Everything you need to know about the Hodeidah ceasefire

UN-brokered truce is expected to start at midnight on Monday, but fighting is threatening to derail the historic deal.

    Yemen's warring parties agreed to a ceasefire in the Red Sea city of Hodeidah last week, a major breakthrough that was expected to end violence in the flashpoint city.

    After a week of consultations in the Swedish town of Rimbo, representatives from the Houthi movement and the government of President Abd-Rabbu Mansour Hadi agreed to pull back their fighters to allow the deployment of UN-supervised neutral forces and the establishment of humanitarian corridors.

    But just a day after the historic truce was reached, clashes erupted between the opposing sides.

    At least 30 fighters have been killed in the past three days and the intermittent violence threatens to upend the hard-won accord.

    Who's fighting who and why?

    Since 2014, Yemen has been wracked by a multi-sided conflict involving local, regional, and international actors.

    The Houthis, a group of Zaidi Shia Muslims who ruled a kingdom there for nearly 1,000 years, exploited widespread anger against President Hadi's decision to postpone long-awaited elections and his stalled negotiations over a new constitution.

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    They marched from their stronghold of Saada province to the capital Sanaa and surrounded the presidential palace, placing Hadi under house arrest.

    Prompting one of the world's worst humanitarian crises in decades, a military coalition led by Saudi Arabia intervened on March 26, 2015, at Hadi's request, after the Houthis continued to sweep the south and threatened to conquer the last government stronghold of Aden.

    After the coalition and local militias successfully fended off the Houthi takeover of Aden, they believed retaking Hodeidah could potentially open a pathway to Sanaa.

    But since late October, Western powers, outraged by the killing of Jamal Khashoggi and the ensuing humanitarian disaster in Yemen, called on both sides to come to the negotiating table.

    After months of intense diplomacy, the office of the UN envoy for Yemen, Martin Griffiths, managed to bring together the warring parties in Sweden where they agreed to a host of confidence-building measures, including a plan for the Houthis and pro-government forces to gradually leave the embattled city, a mass prisoner swap and an agreement to establish a humanitarian corridor in the province of Taiz.

    What's the situation in Hodeidah right now?

    While the clashes have been restricted to southern neighbourhoods of Hodeidah city, the sound of gunfire and mortar fire were heard throughout much of the city on Monday.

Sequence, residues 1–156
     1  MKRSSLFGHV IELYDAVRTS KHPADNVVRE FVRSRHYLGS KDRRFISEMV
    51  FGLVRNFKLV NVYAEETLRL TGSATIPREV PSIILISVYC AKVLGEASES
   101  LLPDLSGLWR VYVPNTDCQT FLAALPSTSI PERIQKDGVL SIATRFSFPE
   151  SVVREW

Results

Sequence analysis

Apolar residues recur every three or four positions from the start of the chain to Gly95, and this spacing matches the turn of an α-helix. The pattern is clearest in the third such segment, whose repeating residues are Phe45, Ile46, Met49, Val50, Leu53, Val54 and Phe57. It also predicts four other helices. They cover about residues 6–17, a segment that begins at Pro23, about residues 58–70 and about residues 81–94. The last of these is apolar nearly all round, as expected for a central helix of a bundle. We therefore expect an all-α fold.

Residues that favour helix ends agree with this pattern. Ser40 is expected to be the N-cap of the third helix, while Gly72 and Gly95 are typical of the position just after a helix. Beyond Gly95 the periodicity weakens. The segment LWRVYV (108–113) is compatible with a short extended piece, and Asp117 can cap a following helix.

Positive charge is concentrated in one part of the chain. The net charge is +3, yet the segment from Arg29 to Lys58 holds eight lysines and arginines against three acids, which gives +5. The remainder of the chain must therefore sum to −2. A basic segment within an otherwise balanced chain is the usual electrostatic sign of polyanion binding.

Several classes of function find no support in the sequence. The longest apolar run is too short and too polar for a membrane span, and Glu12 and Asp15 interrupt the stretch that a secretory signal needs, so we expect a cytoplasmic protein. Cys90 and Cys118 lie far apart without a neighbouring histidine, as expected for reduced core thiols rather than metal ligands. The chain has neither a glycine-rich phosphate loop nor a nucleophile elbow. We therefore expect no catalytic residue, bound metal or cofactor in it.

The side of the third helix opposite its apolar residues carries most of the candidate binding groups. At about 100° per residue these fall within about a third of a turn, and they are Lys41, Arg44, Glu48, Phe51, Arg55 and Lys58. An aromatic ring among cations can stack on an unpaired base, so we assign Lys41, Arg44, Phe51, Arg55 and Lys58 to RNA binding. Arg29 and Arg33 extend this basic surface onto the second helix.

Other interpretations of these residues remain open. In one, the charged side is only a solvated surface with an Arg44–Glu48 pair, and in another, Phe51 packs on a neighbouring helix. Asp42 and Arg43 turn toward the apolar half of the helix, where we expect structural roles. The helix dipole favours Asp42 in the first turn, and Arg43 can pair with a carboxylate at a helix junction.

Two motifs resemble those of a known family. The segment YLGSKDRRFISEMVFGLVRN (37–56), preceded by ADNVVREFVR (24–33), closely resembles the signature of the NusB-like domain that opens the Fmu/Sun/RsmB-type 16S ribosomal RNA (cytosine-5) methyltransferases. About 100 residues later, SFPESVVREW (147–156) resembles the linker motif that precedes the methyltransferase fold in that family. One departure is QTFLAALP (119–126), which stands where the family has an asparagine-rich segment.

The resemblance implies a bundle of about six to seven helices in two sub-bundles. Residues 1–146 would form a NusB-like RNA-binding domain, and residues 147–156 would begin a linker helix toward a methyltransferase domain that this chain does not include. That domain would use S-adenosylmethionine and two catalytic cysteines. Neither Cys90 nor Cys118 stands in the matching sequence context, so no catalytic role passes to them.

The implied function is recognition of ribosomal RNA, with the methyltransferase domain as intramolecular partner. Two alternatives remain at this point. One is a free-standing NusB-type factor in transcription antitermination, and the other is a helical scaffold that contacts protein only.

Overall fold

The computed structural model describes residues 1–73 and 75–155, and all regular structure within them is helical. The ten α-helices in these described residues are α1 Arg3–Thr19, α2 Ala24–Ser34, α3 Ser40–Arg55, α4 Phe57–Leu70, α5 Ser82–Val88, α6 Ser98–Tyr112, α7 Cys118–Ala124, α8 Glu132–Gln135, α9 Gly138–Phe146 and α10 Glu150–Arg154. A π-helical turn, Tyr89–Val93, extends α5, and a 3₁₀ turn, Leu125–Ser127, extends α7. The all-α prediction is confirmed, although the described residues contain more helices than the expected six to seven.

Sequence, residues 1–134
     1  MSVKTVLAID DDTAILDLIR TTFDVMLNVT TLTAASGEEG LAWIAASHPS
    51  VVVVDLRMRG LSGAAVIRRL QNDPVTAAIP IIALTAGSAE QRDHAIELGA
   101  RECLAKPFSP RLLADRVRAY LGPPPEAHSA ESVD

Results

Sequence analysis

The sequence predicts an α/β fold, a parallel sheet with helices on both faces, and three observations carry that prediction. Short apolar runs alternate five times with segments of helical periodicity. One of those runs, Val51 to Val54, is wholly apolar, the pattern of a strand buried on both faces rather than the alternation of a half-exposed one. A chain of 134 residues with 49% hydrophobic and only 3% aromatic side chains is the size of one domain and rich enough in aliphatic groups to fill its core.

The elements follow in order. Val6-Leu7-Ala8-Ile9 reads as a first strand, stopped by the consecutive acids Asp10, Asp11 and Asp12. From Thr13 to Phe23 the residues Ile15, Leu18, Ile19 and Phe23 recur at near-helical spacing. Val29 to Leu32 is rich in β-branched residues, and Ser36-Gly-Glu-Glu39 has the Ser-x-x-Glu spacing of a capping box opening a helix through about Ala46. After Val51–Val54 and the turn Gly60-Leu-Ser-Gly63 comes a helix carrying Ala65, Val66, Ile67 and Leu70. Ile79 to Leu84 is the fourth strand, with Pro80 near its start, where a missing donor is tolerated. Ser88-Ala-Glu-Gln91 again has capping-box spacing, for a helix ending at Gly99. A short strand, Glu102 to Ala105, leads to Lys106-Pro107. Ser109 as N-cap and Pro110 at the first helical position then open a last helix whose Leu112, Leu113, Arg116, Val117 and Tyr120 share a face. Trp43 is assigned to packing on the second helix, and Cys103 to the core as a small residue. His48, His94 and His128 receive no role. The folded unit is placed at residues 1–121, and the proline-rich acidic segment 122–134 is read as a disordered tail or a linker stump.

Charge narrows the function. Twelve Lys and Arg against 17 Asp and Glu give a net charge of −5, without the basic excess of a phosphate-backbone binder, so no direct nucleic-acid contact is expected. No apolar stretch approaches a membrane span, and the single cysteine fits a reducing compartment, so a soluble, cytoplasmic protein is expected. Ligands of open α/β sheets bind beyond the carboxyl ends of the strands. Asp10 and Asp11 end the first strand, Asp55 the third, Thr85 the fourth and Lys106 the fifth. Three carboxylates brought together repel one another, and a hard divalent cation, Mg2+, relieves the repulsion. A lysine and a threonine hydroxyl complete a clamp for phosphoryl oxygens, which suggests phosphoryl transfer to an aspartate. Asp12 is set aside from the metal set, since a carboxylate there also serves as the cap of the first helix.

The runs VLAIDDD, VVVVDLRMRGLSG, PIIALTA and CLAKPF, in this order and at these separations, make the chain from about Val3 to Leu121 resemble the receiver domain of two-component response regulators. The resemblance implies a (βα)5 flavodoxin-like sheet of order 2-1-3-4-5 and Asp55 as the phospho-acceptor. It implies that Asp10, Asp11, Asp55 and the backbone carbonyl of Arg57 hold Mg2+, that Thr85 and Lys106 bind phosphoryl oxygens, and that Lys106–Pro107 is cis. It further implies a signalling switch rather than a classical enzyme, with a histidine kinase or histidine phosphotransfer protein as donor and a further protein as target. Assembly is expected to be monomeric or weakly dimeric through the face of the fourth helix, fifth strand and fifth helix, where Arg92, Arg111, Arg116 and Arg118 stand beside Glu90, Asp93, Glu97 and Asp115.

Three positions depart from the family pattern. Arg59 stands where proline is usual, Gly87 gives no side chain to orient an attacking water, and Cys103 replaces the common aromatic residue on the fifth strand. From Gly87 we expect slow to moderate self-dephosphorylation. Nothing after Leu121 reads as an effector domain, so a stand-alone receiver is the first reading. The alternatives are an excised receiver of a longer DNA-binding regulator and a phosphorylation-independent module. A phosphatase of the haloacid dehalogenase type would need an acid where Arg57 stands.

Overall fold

According to residents, the coalition resumed its air attacks on Friday, and tens of thousands of troops, drawn from local militias, southern separatists and units loyal to the country's former president, had amassed on the city's outskirts.

    Al-Masirah, a pro-Houthi TV network, reported that at least four people, including a child, were injured in one attack on Monday.

    However, one source said the port, which is a major lifeline for millions of Yemenis facing starvation, was spared from the latest round of clashes.

    What is the ceasefire and when does it come into effect?

    According to the UN, a ceasefire by the parties will come into effect in the city and the three ports of Hodeidah, Ras Isa and Saleef at midnight local time (21:00 GMT) on Monday.

    The Houthis will withdraw from the ports, which have been under their control since 2014, in the next 14 days and pull out completely from Hodeidah city over the next 21 days.

    A UN-chaired committee including both sides will oversee the withdrawal of forces.

    As part of the agreement, the ports will fall under the control of "local forces", who would then send the ports' revenues to the country's Central Bank.

    Yemen's Foreign Minister Khaled al-Yamani declined to specify whether the forces would be solely state security forces but said they would report to the "central authority".

    The Central Bank will then begin paying the salaries of government employees in Houthi-held areas.

    As many as 1.2 million civil servants have not received their salaries in nearly two years, leaving health, education and sanitation services without the people and resources needed to keep them running.

    What happens next?

    The deal, if implemented on the ground, will represent a breakthrough because the port is the gateway for the bulk of humanitarian aid coming into the country.

    By demilitarising Hodeidah, the UN will deliver aid to those living in areas whose supply routes have been cut off by fighting since June. 

    While a second round of talks is already expected to be held in January, a smooth ceasefire could lead to a fast framework for negotiations and a transitional governing body.

    The Houthis, who have little to no support in the south, want a meaningful role in Yemen's government and to rebuild their stronghold of Saada in the north of the country.

     

    SOURCE: Al Jazeera News